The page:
The point of this essay is to highlight the related opportunities to do fundamental and interesting science. In fact, objects in sliding contact present among the best model systems to study nonequilibrium polymer physics of which one can conceive. It is the system that matters. Numerous conjoint variables come into simultaneous play: polymer, shear rate, and solid surface, to which polymers adhere or not as they flow. The thermodynamic variables (temperature, pressure) are inhomogeneous—in time and in spatial position within the sample. Pressure is inherently spatially inhomogeneous when surfaces are squeezed together. Temperature is inherently inhomogeneous because the local viscous dissipation, and the local sliding-induced activation of potential chemical reactions, depends on the local pressure at each given point within the sliding system.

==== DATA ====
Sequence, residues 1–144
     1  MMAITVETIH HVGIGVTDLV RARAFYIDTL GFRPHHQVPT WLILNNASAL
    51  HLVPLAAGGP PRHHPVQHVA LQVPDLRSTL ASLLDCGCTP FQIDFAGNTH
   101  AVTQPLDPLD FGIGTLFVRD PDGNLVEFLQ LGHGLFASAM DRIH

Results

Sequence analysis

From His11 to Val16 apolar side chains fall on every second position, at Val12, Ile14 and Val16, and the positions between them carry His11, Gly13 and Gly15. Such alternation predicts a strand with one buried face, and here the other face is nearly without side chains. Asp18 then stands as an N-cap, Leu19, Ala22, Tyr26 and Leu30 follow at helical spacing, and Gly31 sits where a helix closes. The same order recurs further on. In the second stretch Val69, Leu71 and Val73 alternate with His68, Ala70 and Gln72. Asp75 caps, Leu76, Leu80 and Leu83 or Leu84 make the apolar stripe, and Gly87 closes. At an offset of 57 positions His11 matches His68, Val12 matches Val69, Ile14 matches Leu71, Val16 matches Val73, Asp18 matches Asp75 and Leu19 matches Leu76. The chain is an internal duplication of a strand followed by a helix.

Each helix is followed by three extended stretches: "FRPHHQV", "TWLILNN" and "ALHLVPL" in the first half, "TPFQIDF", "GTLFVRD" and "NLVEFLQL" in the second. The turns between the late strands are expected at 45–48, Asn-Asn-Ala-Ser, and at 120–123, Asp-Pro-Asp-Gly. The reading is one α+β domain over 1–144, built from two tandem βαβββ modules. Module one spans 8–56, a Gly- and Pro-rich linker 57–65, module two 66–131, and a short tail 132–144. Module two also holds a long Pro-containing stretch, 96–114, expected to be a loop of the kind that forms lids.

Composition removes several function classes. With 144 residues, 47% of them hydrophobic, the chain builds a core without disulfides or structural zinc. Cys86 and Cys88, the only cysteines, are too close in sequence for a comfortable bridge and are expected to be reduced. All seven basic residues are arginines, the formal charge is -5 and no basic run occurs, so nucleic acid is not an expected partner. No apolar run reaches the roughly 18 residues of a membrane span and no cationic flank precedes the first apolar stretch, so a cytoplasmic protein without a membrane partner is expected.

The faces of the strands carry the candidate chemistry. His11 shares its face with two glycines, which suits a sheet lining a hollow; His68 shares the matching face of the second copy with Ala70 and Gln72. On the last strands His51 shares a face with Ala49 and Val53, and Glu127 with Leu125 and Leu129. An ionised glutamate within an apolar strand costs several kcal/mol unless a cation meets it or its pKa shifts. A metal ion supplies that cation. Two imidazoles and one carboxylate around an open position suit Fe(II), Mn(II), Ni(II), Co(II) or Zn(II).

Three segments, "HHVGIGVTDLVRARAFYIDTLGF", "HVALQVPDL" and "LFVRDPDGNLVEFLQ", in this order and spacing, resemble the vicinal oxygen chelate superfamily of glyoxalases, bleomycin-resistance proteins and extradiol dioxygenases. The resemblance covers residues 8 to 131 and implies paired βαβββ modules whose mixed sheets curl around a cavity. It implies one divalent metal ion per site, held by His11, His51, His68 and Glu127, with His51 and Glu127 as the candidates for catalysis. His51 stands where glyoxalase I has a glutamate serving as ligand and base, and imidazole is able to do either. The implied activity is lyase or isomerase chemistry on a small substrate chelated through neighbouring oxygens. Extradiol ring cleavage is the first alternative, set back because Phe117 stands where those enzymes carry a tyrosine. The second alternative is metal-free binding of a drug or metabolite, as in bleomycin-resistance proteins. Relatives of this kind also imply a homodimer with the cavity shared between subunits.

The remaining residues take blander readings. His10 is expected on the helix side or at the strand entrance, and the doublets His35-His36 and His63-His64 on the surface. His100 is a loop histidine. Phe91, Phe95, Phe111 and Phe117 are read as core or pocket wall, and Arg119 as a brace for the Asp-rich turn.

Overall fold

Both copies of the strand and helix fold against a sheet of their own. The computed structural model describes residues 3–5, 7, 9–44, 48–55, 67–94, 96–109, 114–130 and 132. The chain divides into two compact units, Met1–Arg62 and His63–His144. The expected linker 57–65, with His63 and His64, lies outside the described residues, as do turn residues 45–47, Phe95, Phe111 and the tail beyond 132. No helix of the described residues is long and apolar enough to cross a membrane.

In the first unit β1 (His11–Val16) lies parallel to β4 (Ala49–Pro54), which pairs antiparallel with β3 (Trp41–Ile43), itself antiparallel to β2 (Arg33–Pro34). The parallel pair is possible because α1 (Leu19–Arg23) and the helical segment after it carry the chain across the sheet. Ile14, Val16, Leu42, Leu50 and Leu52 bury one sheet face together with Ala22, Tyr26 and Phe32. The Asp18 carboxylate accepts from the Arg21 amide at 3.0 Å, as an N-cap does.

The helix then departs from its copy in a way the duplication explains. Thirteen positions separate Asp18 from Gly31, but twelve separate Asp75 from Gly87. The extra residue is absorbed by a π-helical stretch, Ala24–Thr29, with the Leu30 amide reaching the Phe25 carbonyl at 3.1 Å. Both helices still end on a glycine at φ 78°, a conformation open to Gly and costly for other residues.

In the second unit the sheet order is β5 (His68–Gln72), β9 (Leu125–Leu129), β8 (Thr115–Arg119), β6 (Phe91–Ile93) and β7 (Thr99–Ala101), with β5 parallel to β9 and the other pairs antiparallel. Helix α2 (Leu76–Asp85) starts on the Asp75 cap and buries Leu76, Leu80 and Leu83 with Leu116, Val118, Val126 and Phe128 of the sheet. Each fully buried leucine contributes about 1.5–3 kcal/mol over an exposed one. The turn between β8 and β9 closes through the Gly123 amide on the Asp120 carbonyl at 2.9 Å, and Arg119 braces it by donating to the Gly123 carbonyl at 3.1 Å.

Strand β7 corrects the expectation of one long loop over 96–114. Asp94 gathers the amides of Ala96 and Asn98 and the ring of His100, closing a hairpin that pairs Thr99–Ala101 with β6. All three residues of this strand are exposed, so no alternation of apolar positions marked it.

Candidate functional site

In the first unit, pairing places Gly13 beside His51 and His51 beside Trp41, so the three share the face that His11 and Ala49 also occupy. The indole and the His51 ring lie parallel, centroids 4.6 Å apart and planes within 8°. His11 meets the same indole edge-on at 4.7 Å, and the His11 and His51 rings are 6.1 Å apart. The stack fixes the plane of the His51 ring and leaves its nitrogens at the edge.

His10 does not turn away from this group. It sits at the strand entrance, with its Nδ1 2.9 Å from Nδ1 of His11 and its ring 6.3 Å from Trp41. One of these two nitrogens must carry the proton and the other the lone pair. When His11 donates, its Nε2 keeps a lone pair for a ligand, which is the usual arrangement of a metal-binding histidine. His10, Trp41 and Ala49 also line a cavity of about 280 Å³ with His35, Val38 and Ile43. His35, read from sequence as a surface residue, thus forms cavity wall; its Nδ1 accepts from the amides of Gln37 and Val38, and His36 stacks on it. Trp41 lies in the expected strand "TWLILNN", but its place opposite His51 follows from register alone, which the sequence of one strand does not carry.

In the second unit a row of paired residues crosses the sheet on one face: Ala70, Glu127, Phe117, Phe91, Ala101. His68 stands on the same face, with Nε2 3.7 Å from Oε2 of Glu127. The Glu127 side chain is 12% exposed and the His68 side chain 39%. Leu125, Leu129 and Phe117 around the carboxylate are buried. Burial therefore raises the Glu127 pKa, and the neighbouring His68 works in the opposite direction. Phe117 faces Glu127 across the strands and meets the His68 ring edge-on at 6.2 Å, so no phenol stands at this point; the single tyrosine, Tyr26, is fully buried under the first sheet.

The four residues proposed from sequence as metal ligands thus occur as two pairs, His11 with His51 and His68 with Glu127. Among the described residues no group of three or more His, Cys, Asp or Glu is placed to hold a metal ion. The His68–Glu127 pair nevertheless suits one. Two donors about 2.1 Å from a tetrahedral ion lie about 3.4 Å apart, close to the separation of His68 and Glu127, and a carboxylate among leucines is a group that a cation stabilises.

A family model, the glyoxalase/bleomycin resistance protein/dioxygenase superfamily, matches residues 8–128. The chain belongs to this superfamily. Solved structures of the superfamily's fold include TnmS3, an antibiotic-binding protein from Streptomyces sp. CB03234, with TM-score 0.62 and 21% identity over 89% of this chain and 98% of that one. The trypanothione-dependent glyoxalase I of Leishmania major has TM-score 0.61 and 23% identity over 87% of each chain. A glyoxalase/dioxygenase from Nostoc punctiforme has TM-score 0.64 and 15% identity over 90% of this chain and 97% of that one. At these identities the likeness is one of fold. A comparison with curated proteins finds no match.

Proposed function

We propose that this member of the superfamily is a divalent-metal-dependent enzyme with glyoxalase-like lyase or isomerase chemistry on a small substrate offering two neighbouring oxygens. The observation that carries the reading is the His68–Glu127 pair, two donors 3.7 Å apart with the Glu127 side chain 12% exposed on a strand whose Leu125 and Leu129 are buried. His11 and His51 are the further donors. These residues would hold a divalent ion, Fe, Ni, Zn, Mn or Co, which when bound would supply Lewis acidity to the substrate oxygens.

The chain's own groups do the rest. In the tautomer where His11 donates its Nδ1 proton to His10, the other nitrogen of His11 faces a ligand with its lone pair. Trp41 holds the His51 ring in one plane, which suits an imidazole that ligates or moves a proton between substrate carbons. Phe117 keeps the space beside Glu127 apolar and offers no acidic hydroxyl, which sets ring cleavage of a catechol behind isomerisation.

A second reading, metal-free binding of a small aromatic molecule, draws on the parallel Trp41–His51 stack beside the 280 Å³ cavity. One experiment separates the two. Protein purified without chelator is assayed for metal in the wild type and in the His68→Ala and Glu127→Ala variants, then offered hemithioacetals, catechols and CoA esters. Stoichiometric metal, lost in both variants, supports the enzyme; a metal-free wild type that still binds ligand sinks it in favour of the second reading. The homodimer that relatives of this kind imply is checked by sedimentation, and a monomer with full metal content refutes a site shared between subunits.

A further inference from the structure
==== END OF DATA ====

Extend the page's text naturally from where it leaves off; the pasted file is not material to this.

Thus, a sliding contact presents a convenient microcosm in which, to study systems driven far from equilibrium. The friction problem is “driven physics”—a problem distinctly different from the extensive mainstream focus on equilibrium properties in polymer science, those properties susceptible to analysis by statistical thermodynamics. The small thickness and very high shear rate when solids are in sliding contact make this problem attractively amenable to molecular dynamics simulation.